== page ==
The commentators on TV are fascinated by the athletes who are mothers, and even though there's been some criticism on social media for their incessant need to point it out, I just want to state for the record that I am fascinated, too.

These women are the absolute best at their sports, and in the midst of their training and preparation and traveling to competitions, they do what many of us do every day. They parent. Their bodies have been through the most grueling event ever - pregnancy and childbirth - and they are still able to operate in beast mode. I gave birth nine years ago and am still trying to get my body back and not have embarrassing accidents when I sneeze.

They deserve some mad respect.

Listen, you can call it sexist that many of the male athletes are dads and no one ever mentions it. But let's be real. The men did not grow another human being inside their bodies, have their bodies nearly (or in some cases actually) split open to deliver that human being into the world, feed the human being with food produced by their very own bodies, and then six weeks later get back at it like nothing ever happened.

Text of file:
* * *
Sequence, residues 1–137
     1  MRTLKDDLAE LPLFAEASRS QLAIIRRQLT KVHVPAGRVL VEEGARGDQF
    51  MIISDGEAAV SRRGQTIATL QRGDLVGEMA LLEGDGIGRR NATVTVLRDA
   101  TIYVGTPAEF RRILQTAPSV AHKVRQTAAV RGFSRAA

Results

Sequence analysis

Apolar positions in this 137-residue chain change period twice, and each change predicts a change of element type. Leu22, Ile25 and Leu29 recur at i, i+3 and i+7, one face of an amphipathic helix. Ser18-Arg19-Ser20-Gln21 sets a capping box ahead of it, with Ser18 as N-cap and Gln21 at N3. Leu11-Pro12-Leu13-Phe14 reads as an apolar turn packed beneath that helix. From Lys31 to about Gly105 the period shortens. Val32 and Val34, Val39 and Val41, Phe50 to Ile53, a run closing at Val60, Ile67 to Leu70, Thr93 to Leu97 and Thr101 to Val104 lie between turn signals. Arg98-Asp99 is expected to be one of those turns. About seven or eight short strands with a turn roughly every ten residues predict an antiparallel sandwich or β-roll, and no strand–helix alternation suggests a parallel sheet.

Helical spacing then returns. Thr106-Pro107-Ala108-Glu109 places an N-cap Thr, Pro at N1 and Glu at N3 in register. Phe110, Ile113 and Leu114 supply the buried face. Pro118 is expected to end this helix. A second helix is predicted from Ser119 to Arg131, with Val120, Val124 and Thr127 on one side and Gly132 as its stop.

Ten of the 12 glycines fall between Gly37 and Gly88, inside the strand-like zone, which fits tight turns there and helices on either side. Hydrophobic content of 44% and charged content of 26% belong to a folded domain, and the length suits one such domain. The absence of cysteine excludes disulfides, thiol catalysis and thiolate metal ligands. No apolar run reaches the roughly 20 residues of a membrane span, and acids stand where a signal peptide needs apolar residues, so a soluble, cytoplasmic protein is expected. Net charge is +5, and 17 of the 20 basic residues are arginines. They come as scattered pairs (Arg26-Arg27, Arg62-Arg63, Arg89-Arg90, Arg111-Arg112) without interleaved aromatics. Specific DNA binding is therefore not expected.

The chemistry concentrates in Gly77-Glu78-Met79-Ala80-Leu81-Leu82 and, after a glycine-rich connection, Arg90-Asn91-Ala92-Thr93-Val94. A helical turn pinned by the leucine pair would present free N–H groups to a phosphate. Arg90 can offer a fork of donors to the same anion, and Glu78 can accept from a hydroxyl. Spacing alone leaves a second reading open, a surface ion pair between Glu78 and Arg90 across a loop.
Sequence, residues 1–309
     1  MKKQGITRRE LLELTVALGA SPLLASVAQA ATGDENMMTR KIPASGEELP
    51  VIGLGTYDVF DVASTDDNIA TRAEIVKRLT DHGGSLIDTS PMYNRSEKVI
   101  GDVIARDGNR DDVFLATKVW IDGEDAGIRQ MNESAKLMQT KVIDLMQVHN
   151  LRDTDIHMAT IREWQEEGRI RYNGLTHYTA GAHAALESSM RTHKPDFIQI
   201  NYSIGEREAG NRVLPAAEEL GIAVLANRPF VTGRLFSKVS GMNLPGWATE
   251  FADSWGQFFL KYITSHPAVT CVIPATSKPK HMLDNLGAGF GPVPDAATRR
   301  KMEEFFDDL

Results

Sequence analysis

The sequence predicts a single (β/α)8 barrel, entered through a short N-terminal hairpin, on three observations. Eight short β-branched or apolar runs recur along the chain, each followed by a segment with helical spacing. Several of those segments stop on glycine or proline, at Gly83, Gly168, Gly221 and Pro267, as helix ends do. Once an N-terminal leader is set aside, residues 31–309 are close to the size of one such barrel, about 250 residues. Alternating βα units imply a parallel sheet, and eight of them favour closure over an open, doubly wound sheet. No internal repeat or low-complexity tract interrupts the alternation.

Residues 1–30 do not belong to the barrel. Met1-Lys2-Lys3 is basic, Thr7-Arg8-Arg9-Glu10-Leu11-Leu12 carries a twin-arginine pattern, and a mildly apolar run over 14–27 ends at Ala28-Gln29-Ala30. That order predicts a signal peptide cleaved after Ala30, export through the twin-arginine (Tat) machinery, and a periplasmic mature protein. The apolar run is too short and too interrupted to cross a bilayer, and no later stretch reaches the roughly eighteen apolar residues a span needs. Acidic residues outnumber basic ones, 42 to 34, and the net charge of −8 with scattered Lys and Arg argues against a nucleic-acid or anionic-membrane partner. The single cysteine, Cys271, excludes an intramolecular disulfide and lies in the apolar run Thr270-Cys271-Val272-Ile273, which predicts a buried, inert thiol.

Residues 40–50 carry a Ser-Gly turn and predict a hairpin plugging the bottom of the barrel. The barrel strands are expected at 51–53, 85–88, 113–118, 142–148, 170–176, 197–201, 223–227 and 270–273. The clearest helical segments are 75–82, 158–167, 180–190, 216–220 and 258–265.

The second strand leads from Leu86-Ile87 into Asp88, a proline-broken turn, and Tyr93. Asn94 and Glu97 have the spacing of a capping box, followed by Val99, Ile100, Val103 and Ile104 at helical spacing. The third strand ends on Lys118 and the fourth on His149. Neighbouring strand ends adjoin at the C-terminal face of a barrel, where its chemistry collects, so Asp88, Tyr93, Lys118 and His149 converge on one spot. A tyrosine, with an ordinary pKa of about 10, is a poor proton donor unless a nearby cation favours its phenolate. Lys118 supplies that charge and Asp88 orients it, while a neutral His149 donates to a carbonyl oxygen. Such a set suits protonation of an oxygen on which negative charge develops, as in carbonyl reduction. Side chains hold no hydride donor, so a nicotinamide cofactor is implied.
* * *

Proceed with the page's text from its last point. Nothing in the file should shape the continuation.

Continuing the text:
So yes, I love when the commentators let me know the elite athletes I'm watching are moms. It makes their victories even sweeter to me. But it also inspires, and dare I say, challenges me.

Here's the deal. These women know you can simultaneously mother a child and pursue a passion. You can mother and work. You can mother and train. You can mother and win. You can mother and - fill in the blank.

Ladies, you can. We can. We don't have to, but we can.

There's a 41 year old gymnast who competed against athletes the same age as her son. She has said she just loves gymnastics (and that she hasn't ruled out competing in Tokyo). Can you imagine anything more inspiring to her son than seeing his mom work at what she loves? What a legacy.

Becoming a mom changed and challenged me more than I knew it could. But it also brought confusion and doubt as I struggled to find my identity in my motherhood. I had always wanted children, and when I had them, I questioned whether it was also ok to want other things as well. Was I only a mom? What about who I was before? What about what I did before? Was it ok to still spend time on myself? Was it acceptable to follow pursuits that had nothing to do with my children?